2. Why does everybody think that the notion of ‘disequilibrium’ is more “real” than is the notion of ‘equilibrium’? Is the antagonism of a fictitious concept necessarily “out there”?

    BTW, I started as an Austrian. The most important blow the my early “believe system” was Kirzner’s concept of ‘alertness’. It is so evidently a stopgap for proper theory, yet so widely accepted … made me doubt; still does.

  8. Alex Salter

     /  January 24, 2012

    @ amv

    1) Yes, expectations are tricky, and they probably take on many, many forms given agent heterogeneity. Some are rational, some others are adaptive, and many more can’t be accurately captured by any mathematical modeling technique. This doesn’t rule out us making “if, then” statements premised on specific types of expectations.

    2) The real world is a world of disequilibrium. Equilibrium refers to a state of affairs where all plans are perfectly reconciled. Given the prevalence of error, plan change, etc., it’s much more meaningful to characterize the social order as something simply not definable by equilibrium terminology, or, if you accept some parts of the Walrasian framework, as tending towards an equilibrium which, due to both Kirznerian and Schumpeterian moments, is never reached. The only way equilibrium becomes meaningful is in the tautological sense, in which case it becomes uninteresting as an end-state. Tautologies/axioms/the self-evident ought to be premises, not conclusions.

    3) Kirznerian alertness is an extension of the Misesian explanation of entrepreneurship. It is an omnipresent feature of human action and, when applied, characterizes the process by which, in a pseudo-Walrasian framework, the process of competition as a discovery procedure results in equilibrating tendencies. I don’t know what you mean by “stopgap for theory.” I hope you mean something more sophisticated than “not mathematical, therefore not theory.”

  9. Along the same lines (utility theory and the implications on macroeconomics), there is a great essay by Rothbard, “Toward a Reconstruction of Utility and Welfare Economics”.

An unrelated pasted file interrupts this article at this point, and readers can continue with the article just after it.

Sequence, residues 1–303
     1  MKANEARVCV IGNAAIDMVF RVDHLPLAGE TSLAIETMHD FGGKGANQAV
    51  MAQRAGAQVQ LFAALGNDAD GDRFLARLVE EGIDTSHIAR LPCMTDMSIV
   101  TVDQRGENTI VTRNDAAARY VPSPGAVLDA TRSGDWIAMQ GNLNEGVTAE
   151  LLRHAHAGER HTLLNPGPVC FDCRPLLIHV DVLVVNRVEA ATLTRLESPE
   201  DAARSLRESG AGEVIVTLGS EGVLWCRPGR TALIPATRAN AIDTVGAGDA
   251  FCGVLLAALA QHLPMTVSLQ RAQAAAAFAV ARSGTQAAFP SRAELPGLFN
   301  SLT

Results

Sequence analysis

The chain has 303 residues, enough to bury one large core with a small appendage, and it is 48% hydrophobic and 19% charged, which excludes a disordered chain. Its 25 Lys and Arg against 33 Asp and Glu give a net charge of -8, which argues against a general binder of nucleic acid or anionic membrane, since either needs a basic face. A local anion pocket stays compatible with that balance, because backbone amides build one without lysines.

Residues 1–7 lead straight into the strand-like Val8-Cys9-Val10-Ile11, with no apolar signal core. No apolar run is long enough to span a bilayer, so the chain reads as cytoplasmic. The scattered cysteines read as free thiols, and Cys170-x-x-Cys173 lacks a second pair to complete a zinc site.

10. David Eagle

     /  January 26, 2012

    Integral and amv made some points that I want to comment about. Their points were:

    Integral: “The NK loss function is analogous to the Pareto criterion in the representative-agent world. … there is no conflict between the loss function and the Pareto criterion, only a conflict between representative agent models and heterogenous agent models. … I agree that there is no general loss function under heterogenous agent models.”

    amv: “…the representative agent is a poor aggregation device. The Sonneschein-Mantel-Debreu results tell us why (restrictions on individuals in addition to those which establish existence in the most general AD-setting, do not translate to restrictions on the economic system).”

    First, the loss function is not just used by the New Keynesians. I do not view Kydland and Prescott as New Keynesians. Their time inconsistency result was based on a loss function. When I took a class from Tom Sargent, he talked about the time inconsistency problem. At the time, I did not understand the time inconsistency problem from Tom’s lectures because I was thinking Pareto efficiency, not loss functions. Later when I read Kydland and Prescott, then I understood.

    Second, I do remember in graduate school (a long, long time ago), that some utility functions are aggregatable, including constant relative risk aversion (CRRA) utility functions, including the logarithmic utility function. (If I am wrong, please correct me.) I use identical CRRA utility functions often in my work, because it is the only way to make sure that all individuals have average relative risk aversion. However, if you aggregate these utility functions, and you then maximize the aggregated utility function, that does not mean that the individual utility functions are maximized. Rather, if the individual utility functions are maximized, then the aggregate utility function must also be maximized. Another way to say this is that a necessary, but not sufficient condition for individual utility maximization is that the aggregate utility function be maximized. I think that is what is going on here; maximizing the aggregate utility function will not guarantee that individuals are sharing risk in a Pareto-efficient manner.

    I do have a final question for someone: I think someone indicated that one can get the loss function involving inflation from either a representative-agent utility function or some aggregated utility function. I would like to see a reference on that. (Thanks)
    P.S.: For amv: I did look up “Sonneschein-Mantel-Debreu” at Thanks for pointing me in this direction.